Stroll the aisles of any pharmacy or “health food” store and you’ll see a multitude of herbs and other supplements that claim to boost energy. Yet there is little or no scientific evidence to support such claims for most of these substances. The fact is, the only thing that’ll reliably boost your energy is caffeine or other stimulant—and their effects wear off within hours. Substances commonly touted as energy boosters include chromium picolinate, coenzyme Q10, creatine, dehydroepiandrosterone (DHEA), ephedra, ginkgo biloba, ginseng, guarana, and vitamin B12. Instead of relying on a supplement for energy, try switching to a healthful diet—more vegetables, fruits, whole grains, nuts, lean protein, and unsaturated fats—and exercising more. That’s truly a better way to beat an energy shortage, and it’s one your whole body will appreciate.
Anthony Komaroff, M.D.
Posts by Anthony Komaroff, M.D.
Daylight Saving Time officially ends at 2:00 am this Sunday. In theory, “falling back” means an extra hour of sleep this weekend. But it doesn’t usually work out that way. Many people don’t, or can’t, take advantage of this weekend’s extra hour of sleep. And the focus on gaining or losing an hour of sleep overlooks the bigger picture—the effect of Daylight Saving Time transitions on the sleep cycle. This seemingly small one-hour shift in the sleep cycle can affect sleep for up to a week. It’s difficult to side-step the effects of Daylight Saving time on sleep. So be aware that it can take your sleep rhythms a week or so to get adjusted to the new clock.
The ability of today’s electronic books to display videos, images explained by a spoken voice, animations, interactive tools, and quizzes gives doctors new ways of explaining things. Harvard Health Publications and Orca Health have created a series of ten interactive iBooks focused on heart disease. Currently, these are available only as iBooks. Need to know what happens in the heart when a heart attack is underway, how doctors open up cholesterol-clogged arteries, or how to cope with the irregular heart rhythm known as atrial fibrillation? The answers are in these iBooks. They let users view the heart in ways and detail they’ve never seen before to learn about common heart conditions and procedures.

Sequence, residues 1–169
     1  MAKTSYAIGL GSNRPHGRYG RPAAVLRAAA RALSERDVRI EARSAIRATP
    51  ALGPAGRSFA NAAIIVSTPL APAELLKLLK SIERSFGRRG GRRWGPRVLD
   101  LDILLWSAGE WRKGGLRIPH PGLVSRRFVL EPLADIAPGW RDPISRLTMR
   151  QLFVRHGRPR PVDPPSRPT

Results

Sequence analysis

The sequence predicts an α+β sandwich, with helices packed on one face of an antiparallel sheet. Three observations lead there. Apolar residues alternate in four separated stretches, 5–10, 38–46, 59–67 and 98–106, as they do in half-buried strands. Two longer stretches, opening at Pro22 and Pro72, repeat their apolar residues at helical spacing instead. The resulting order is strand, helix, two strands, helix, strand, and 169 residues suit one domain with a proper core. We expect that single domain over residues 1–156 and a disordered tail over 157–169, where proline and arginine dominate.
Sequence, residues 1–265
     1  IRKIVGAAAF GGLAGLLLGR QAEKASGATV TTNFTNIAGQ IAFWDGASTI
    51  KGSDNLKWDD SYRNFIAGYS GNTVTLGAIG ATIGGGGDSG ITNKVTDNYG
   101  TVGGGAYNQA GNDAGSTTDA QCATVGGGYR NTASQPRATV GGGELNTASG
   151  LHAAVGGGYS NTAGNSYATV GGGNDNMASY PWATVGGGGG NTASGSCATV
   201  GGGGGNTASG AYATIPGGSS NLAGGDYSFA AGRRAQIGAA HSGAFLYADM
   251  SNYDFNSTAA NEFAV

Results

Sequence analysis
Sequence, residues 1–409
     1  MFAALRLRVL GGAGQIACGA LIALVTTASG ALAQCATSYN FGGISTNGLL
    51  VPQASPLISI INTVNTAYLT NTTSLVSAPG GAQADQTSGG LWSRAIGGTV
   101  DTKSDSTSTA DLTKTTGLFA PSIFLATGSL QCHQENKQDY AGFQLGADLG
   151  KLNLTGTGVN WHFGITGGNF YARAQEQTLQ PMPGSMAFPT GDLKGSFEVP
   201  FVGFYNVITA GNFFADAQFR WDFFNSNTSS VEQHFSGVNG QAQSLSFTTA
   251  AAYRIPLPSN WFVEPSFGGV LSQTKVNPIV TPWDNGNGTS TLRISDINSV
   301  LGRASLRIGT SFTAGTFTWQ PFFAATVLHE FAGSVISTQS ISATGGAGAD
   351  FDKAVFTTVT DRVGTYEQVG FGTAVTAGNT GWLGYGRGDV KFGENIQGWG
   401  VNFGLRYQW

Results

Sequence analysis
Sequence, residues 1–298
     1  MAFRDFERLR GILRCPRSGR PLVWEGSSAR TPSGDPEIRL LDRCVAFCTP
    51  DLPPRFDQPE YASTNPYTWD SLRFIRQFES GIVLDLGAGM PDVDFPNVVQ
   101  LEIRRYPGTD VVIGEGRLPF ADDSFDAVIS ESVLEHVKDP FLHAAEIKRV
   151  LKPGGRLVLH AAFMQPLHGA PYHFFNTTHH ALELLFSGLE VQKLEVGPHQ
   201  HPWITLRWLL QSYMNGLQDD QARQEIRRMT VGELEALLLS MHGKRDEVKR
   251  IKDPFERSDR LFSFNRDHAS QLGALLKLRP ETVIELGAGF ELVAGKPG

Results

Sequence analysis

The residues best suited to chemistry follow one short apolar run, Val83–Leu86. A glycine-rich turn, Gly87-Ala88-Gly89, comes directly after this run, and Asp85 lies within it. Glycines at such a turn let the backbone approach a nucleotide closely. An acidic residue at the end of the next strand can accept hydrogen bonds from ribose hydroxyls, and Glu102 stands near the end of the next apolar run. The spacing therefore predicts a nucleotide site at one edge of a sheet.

A lot is known about diabetes. But a discovery that could change how this disease is treated shows just how much more there is to learn. A team of Harvard Medical School researchers has discovered a hormone called betatrophin made by liver and fat cells that signals the body to make more insulin-producing beta cells. A report of their work appears in this month’s issue of the prestigious scientific journal Cell. In mice with diabetes, experimentally turning on the production of betatrophin inside liver and fat cells caused an increase in beta cells and a dramatic improvement in blood sugar. It will, of course, take much more research in mice—and then in humans—to determine if this newly discovered hormone can serve as a treatment for diabetes. So it’s too soon to get excited that the discovery of betatrophin will translate directly into a new treatment for diabetes. But it is another example of the human body’s power to naturally repair itself.
Beginning in March, 2013, reports started to come out of Eastern China that a new “bird flu” virus was loose and causing infections in humans. The new virus is called H7N9. Should we in the U.S. be worried? Neither I nor anyone I know can give a confident answer to that question. So far the news is reassuring. A report from the U.S. Centers for Disease Control and Prevention (CDC), and another from a team from China in this week’s New England Journal of Medicine, indicate that so far the new H7N9 virus has not clearly spread from one person to another, and has not spread outside of Eastern China. Even so, every public health agency around the world is keeping a close eye on China. That’s because a virus that cannot spread easily from one person to another can change or swap genes—and suddenly be capable of spreading easily.